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Topic: Intent to Sample Old Upright - Suggestions Please

  1. #1

    Intent to Sample Old Upright - Suggestions Please

    winter is coming .. more time inside ... planning on sampling the \'family piano\' -- left over from college ... i beat on it and so does the wife and kid .... fresh tuning tomorrow ..... so i\'m gonna sample it

    it has an \'ok\' bar room sound .... i plan on freely distributing it .... so speak up

    some keys are a bit inconsistant ... should i normalize the samples ???

    suggested velocity for pedal up/down (this is not a $75,000 Steinway mind you)

    editing: do you guys (professional sample designers) pitch correct each note or leave it tempered ?

    i plan on a room mic (mono) and a stereo close mic setting ... this is an upright ... should i open the top ?? what proximity do you suggest for the close mics ???

    any other suggestions ?

    mr. post -- big fan of your work and a client ;-) so, ya got anything to suggest ....

    worra -- i still plan on getting your set on friday :-) you still use a US distributor, yes ?

    and why are post audio media samples not distributed by bigga gigga anymore? i prefered to have them shipped from US .... got the toys faster that way :-)

    thanks guys!

  2. #2

    Re: Intent to Sample Old Upright - Suggestions Please

    Well, where do we begin...
    I would need more time than I have available to really answer your questions.
    Recording: get the best microphones to record your piano samples with; omni-directional for room sound and directionals for the close mics. See what you can rent or lend from others to get the very best. The quality of the mic will be critical for the final sound. No eq, FX or other trick will ever fix a bad recording. Mic placement is also very critical. In general you need to get the best position between a fair distance (to capture enough room and natural ambience in the sound) and proximity (to avoid ambient noise).
    The help of an experienced audio recording veteran will do wonders.
    When you use more than two mic\'s (like you suggest) be aware of phase cancellation problems between the two sources. Listen very critical to see if certain frequencies get softer when the extra mono mic is added. Sometimes you don\'t hear it on speakers so you will need to monitor the microphone positions using headphones.

    Once recorded you will have to cut the recording into small pieces. I normally record one velocity layer at a time (all keys in the same velocity). During mastering you should not normalise the samples individually but I prefer normalising the whole velocity layer as a whole. This way the balance between the keys in kept intact and the whole sound energy level is shifted to match that of the other velocity layers. If you normalise each sample on an individual basis you will end up with very inconsistent levels between individual keys that will have to be repaired during the final programming. You do want an even response in the end.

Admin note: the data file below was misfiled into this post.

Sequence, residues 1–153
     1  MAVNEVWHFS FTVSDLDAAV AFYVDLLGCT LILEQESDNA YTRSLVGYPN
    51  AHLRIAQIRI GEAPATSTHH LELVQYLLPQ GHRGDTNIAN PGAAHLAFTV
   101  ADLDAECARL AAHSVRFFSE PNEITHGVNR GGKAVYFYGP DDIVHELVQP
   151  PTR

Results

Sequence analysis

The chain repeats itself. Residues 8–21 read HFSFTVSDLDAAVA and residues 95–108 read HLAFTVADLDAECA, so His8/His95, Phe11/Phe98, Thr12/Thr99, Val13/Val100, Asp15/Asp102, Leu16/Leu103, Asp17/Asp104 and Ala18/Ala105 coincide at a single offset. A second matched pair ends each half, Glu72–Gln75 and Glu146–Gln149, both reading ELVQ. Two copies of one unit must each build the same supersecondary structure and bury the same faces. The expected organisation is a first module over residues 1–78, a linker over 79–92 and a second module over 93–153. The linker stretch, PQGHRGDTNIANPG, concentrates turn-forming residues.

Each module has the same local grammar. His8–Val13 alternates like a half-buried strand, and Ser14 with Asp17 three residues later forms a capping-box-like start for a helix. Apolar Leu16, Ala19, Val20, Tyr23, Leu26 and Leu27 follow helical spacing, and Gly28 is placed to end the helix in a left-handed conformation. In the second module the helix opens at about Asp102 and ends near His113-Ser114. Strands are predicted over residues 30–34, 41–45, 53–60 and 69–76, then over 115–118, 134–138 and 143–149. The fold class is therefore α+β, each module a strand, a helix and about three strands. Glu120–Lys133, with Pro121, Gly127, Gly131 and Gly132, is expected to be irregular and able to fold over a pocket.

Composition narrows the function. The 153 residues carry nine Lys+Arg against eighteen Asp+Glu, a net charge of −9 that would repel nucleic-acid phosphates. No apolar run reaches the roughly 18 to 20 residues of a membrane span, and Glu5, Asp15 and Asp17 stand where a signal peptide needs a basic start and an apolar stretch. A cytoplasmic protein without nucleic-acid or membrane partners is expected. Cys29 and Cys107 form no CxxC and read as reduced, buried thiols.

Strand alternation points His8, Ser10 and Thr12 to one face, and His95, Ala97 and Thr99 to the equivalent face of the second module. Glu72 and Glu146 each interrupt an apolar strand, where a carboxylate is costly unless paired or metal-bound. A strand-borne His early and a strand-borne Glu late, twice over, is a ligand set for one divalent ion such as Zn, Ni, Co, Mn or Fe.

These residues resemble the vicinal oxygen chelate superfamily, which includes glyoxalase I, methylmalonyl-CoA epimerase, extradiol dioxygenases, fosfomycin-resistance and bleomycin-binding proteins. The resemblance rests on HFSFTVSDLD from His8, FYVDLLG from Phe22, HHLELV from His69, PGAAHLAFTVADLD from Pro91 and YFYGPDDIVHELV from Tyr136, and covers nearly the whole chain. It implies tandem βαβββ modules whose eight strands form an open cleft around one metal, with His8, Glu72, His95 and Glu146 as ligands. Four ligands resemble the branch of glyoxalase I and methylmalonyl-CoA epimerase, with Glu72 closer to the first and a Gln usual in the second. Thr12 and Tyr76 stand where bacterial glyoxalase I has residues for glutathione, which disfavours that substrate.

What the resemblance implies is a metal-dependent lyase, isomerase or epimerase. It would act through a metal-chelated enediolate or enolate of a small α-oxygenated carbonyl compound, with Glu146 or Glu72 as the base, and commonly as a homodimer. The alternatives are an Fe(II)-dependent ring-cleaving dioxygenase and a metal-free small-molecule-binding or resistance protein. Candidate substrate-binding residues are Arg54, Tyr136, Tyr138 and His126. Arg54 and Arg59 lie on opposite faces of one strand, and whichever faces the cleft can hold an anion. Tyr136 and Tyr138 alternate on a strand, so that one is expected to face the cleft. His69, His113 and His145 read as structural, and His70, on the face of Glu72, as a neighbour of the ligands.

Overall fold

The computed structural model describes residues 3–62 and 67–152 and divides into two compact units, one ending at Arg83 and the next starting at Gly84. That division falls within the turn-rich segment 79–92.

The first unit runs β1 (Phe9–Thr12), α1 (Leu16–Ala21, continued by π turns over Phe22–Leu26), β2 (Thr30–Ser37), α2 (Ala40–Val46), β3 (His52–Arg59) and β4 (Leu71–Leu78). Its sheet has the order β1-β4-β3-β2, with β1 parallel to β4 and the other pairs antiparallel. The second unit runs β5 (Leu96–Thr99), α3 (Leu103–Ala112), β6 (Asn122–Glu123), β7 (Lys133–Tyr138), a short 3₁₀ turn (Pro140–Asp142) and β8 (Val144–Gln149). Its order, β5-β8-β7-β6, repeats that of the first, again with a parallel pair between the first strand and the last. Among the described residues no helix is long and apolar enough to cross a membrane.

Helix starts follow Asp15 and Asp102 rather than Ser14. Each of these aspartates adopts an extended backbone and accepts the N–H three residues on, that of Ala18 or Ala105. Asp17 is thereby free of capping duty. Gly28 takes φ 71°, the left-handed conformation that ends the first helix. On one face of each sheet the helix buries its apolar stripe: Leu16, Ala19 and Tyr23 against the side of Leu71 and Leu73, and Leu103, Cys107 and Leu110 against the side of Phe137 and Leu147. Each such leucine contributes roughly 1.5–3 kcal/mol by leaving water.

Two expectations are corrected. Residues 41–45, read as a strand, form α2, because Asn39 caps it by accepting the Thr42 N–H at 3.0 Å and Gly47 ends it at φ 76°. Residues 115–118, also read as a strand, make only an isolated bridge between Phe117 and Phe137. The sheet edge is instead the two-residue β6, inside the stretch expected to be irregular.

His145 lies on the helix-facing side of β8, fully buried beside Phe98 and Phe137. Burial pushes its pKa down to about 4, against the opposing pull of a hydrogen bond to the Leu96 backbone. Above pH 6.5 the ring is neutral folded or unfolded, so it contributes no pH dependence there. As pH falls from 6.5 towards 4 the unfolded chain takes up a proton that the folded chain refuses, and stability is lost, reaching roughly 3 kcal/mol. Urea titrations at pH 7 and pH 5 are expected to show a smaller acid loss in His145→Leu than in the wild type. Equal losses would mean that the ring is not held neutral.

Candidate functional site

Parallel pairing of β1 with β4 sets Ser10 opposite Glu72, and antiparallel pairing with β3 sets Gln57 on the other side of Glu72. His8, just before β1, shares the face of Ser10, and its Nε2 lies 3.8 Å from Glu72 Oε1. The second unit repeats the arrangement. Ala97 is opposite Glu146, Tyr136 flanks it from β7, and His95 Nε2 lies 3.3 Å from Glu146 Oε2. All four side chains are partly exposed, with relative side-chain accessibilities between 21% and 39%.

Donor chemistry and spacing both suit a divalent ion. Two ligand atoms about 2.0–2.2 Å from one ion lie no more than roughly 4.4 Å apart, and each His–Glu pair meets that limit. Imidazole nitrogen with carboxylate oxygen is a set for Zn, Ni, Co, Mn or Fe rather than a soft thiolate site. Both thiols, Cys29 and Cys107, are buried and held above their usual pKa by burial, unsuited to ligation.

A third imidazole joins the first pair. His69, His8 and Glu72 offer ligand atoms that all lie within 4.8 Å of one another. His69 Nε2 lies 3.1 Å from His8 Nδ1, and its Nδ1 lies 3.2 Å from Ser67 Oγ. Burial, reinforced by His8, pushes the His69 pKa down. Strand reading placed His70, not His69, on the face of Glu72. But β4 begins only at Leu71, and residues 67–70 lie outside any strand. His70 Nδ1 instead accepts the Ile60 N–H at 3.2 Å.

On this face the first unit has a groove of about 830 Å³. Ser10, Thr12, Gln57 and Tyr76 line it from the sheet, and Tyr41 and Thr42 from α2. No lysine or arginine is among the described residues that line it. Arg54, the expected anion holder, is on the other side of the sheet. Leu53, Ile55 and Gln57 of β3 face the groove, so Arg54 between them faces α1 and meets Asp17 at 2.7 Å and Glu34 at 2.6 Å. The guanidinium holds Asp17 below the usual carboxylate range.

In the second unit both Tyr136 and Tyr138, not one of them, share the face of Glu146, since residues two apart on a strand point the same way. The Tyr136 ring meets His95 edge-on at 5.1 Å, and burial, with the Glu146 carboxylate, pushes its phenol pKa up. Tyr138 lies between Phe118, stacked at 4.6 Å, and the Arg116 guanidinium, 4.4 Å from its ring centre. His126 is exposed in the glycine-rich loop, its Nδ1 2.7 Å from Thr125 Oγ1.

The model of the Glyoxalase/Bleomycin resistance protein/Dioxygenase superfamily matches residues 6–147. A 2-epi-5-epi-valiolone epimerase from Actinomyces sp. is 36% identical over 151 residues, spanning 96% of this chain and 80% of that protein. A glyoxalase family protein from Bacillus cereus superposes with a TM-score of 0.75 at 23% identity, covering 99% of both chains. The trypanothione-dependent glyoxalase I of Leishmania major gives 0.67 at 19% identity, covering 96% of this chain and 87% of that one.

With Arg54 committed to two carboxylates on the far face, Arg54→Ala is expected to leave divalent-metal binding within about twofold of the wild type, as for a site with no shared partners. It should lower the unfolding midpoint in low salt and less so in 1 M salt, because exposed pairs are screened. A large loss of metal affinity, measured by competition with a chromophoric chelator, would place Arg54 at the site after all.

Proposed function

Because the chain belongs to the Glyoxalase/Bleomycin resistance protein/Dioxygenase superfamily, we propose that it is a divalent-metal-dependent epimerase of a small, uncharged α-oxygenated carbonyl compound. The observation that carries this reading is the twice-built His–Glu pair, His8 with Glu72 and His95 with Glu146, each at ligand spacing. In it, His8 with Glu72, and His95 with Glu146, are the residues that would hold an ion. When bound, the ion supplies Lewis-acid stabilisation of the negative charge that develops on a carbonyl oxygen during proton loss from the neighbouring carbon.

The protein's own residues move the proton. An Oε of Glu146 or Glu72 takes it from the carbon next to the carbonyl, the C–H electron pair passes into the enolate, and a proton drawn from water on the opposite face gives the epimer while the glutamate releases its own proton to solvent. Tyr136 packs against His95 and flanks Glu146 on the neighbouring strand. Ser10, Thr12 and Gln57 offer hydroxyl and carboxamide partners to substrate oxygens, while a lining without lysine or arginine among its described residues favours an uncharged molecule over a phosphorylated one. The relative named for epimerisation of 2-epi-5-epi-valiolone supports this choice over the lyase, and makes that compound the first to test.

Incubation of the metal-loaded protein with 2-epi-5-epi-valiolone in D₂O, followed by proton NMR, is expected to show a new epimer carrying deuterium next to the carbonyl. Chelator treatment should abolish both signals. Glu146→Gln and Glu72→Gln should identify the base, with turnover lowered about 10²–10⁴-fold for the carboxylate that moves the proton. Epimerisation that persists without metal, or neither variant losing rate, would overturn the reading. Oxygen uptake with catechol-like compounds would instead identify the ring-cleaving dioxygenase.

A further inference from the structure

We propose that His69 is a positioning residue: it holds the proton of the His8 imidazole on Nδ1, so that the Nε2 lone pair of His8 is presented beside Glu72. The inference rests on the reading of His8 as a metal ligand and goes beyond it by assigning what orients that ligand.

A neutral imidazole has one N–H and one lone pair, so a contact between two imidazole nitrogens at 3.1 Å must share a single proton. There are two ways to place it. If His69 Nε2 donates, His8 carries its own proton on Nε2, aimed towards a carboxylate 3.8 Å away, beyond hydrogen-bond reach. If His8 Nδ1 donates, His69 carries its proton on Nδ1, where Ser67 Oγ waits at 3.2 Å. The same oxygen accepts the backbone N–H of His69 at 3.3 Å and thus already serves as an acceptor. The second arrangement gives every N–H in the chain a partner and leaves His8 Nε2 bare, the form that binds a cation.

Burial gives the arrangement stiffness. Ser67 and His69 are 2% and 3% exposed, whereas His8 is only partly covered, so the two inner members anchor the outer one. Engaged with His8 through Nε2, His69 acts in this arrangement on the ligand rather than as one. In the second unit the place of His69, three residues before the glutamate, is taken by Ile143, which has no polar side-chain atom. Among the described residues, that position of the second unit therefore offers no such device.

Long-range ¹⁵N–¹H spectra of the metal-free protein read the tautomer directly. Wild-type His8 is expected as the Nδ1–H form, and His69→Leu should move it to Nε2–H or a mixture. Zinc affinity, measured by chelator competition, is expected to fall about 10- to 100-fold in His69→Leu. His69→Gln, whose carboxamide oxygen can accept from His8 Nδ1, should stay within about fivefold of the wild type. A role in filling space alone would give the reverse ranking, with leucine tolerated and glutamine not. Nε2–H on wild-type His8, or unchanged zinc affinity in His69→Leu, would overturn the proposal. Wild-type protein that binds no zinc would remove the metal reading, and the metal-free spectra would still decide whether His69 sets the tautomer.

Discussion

Tuning (...) I would suggest to leave the samples as they are. When you retune after the recording you will tune the result of several strings sounding together. This tuning will not correct pitch between these strings but will only change the pitch relation with the other samples which should not be needed when your piano is tuned during recording.
    I understand WaveLab has all the utilities you will need to chop up the master recording into the small samples (it will recognise the pitch, name the samples for you and save them using the right names). WaveLab is a Steinberg (=HALion) product that seems to understand the demands of large-scale sample design.

    Suggested reading PMI Grandioso booklet explains some basics on tuning.

    Below is a chapter from my PMI Bosendorfer 290 manual which is about grand pianos but is informative enough for stand up pinao too.

    About the recording
    A concert grand piano is among the largest and most versatile acoustical instruments in the world. Capturing the natural timbre and the full dynamics of an instrument is very complicated. Furthermore, the grand piano interacts with the room in which it is placed and the recording method requires independent consideration in each situation and each location. Even how it is played will influence the choice of microphone technique.
    The room acoustics are such an important factor when recording a concert grand piano, that it is important to assess whether the room will do justice to the instrument or not. A concert grand piano is build for playing in concert halls where the reverberation times normally are acoustically tuned between 0,9 seconds to 1,3 seconds at 500 Hz and the room volume is minimum10.000 cubic meters. Concert halls specially designed for playing Wagner can even have reverberation times around 2 seconds. With the lid open, the concert grand piano is capable of giving a full musical experience to the audience throughout the hall. This must be taken into account when recording in a recording studio. Finding a good location with a well tuned grand piano is the first thing to do - and the hardest. When you listen to piano in a concert setting the hearing distance is much larger and the overall reflections of the concert hall have added up and summed the individual frequence radiations to a certain mixed sound picture. This is mainly a positive picture. Listening to famous concert halls learns that each hall has its own characteristics in frequency response and total impression. When you place a microphone in a typical concert hall position (12 meters or more from the source) the signal to noise ratio will become un-usable for sampling.